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Dietary Supplementation that Works: The Effect of Phosphatidylserine on Golf Performance.
Alan L. Hammond, GolfersMD Health News
Oct 12, 2010



Perhaps like in no other sport, the stress level felt in the silence between the time a golfer addresses the ball and when impact is made is always elevated. Add in the additional stress of competition and that period of silence is almost deafening. It can certainly cause the coolest of customer to break a sweat, loose focus and hit an errant shot. Golfers would welcome a dietary supplement that enhances cognition, clear thinking and performance. Phosphatidylserine, or PS for short, may do just that. At least, it may come close.

Phosphatidylserine is a phospholipid found in the cells of all plants and animals. The PS used in dietary supplements is derived from plants. The largest perceived benefits of PS reportedly come in the elevation of cognition, enhancement of memory, increase in nutrient absorption into the brain and enhancement of nerve cell transmission. All of those things are thought to translate into clearer thinking. In short, for golfers that means less “choking” when the game is on the line. PS is commonly found in such name brand supplements as Biochem Neuro PS and NOW Brain Elevate.

In order to determine the viability of the perceived benefits of PS, researchers with the International Society of Sports Nutritionists conducted a 2007 study of Phosphatidylserine. A random, double-blind, placebo-controlled study was performed to evaluate the effect of oral phosphatidylserine (PS) supplementation on golf performance in healthy young golfers with handicaps of 15-40.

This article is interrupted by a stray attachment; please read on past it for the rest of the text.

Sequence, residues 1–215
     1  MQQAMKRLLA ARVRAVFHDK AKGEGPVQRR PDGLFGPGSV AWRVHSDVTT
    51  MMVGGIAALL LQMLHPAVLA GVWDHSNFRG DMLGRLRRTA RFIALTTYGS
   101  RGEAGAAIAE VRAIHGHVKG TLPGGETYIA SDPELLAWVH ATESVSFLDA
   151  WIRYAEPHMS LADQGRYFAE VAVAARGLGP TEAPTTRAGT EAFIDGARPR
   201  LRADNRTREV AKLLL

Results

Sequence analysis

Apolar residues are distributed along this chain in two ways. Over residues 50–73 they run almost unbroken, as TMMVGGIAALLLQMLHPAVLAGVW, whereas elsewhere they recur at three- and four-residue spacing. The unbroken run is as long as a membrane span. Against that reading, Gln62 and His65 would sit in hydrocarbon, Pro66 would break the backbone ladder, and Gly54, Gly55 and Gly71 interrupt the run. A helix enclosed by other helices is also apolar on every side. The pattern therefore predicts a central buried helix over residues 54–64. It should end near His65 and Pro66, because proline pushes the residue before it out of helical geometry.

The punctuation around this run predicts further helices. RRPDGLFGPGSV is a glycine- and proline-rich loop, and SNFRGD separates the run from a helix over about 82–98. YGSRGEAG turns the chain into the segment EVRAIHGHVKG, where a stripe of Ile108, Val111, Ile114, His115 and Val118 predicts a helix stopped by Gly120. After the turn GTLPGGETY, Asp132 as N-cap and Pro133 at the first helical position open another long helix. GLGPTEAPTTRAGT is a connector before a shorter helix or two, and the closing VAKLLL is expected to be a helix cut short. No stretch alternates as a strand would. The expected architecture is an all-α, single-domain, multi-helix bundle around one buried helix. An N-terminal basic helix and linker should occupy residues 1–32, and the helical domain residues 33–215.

Subjects were given 200 mg of PS per day, in the form of a nutritional bar, over a period of 42 days. Both at the outset and upon conclusion of the study, perceived stress, heart rate and the quality of the ball flight was evaluated. Subjects teed-off 20 times aiming at a green 135 meters (roughly 147 yards) from the tee area.

Results of the study showed that PS supplementation significantly increased the number of good ball flights, whereas placebo intake had no effect. Also, PS supplementation showed a trend towards improving perceived stress levels during teeing-off whereas stress levels remained unchanged in the placebo group. Supplementation did not influence mean heart rate in either group.

From the testing results, researchers concluded that six weeks of PS supplementation shows a statistically insignificant tendency to improve perceived stress levels in golfers. While improvement in stress levels was insignificant, the number of good ball flights during tee-off which might result in improved golf scores was substantial.

Source: Journal of the International Society of Sports Nutritionists. 2007 Dec 4;4(1).



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